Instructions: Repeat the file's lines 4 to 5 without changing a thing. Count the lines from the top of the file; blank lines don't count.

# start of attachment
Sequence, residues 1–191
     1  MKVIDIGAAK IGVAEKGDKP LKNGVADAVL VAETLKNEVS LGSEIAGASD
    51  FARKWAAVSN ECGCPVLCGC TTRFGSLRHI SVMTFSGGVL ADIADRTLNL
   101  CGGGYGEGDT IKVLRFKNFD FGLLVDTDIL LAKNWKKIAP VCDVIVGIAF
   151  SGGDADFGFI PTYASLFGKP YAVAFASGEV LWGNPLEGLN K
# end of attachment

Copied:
   101  CGGGYGEGDT IKVLRFKNFD FGLLVDTDIL LAKNWKKIAP VCDVIVGIAF
   151  SGGDADFGFI PTYASLFGKP YAVAFASGEV LWGNPLEGLN K